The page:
by Robert Graves
Children are dumb to say how hot the day is,
How hot the scent is of the summer rose,
How dreadful the black wastes of evening sky,
How dreadful the tall soliers drulling by,
But we have speech, to chill the angry day,
And speech, to dull the roses's cruel scent,
We spell away the overhanging night,
We spell away the soldiers and the fright.
There's a cool web of language winds us in,
Retreat from too much joy or too much fear:
We grow sea-green at last and coldly die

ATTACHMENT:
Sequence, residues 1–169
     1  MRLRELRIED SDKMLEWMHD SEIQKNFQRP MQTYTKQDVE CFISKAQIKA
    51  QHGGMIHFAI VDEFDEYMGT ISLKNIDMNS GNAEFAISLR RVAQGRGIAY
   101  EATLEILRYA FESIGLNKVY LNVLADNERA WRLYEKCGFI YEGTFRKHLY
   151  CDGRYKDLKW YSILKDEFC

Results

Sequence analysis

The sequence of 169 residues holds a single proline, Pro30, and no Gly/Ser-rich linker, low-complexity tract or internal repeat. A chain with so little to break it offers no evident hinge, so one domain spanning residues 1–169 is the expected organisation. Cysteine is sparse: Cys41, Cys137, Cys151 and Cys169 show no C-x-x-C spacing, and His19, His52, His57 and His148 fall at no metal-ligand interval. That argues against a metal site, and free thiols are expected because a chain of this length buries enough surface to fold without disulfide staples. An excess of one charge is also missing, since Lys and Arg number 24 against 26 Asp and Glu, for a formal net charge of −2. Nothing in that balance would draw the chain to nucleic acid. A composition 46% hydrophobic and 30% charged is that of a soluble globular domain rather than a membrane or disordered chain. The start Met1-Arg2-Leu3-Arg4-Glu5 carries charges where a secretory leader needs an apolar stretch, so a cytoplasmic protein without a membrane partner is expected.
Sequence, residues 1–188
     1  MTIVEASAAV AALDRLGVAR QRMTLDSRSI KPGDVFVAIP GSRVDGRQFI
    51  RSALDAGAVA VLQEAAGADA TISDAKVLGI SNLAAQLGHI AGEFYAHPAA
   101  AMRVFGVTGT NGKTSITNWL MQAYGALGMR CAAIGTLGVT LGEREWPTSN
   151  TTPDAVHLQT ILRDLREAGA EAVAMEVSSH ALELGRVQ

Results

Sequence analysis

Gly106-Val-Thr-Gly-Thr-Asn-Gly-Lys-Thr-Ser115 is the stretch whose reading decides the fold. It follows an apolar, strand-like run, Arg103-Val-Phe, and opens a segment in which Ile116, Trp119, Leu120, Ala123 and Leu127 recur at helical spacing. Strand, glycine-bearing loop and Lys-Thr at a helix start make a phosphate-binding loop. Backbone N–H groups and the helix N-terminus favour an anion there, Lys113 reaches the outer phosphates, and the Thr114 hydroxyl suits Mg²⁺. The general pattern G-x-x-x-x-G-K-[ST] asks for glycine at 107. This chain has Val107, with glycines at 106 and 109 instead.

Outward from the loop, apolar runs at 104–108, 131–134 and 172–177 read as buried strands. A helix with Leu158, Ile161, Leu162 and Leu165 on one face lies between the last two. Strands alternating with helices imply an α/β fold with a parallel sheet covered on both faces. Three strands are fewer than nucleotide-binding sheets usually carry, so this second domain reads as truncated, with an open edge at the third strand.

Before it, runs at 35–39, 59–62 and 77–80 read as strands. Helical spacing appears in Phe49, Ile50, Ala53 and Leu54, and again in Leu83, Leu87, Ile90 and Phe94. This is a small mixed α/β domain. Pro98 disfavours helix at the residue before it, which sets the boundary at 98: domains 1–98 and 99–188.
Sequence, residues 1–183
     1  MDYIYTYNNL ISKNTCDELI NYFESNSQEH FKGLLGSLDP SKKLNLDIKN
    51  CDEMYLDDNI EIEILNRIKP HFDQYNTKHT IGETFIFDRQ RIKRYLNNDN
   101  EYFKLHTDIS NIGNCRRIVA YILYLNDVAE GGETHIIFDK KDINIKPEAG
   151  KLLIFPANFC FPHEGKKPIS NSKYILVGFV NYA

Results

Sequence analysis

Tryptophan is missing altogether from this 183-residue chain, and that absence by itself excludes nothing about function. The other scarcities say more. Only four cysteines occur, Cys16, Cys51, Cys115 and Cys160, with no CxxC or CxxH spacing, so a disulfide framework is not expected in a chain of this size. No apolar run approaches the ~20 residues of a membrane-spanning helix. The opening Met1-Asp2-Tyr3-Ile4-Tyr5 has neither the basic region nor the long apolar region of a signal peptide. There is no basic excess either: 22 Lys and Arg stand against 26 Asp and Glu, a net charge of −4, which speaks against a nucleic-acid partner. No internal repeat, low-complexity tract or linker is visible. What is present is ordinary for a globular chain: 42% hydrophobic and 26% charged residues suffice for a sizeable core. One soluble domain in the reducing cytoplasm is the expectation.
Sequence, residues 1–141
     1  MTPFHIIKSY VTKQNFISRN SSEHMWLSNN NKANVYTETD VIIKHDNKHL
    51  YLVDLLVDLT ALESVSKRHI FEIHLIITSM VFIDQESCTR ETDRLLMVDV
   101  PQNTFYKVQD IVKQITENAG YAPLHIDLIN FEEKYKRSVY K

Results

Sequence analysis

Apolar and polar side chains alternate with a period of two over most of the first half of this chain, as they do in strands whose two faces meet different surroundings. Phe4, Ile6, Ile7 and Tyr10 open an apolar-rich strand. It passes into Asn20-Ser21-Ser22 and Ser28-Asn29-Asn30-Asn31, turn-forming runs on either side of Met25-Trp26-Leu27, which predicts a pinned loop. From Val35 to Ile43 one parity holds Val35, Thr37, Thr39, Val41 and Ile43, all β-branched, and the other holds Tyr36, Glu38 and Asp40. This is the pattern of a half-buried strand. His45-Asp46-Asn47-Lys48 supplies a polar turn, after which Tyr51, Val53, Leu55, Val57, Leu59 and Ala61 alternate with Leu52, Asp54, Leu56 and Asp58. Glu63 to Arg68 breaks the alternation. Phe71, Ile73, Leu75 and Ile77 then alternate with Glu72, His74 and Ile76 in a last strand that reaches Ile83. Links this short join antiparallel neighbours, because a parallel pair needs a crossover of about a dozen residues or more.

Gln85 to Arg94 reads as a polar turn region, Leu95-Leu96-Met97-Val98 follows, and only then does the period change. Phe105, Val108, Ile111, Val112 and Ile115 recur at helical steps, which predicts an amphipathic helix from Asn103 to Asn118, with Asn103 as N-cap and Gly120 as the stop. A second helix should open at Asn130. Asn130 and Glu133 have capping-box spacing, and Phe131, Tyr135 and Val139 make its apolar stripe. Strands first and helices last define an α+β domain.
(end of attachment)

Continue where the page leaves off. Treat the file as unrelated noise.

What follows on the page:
In brininess and volubility.
But if we let our tongues lose self-possession,
Throwing off language and its watery clasp
Before our death, instead of when death comes,
Facing the wide glare of the children's day,
Facing the rose, the dark sky and the drums,
We shall go mad, no doubt, and die that way.
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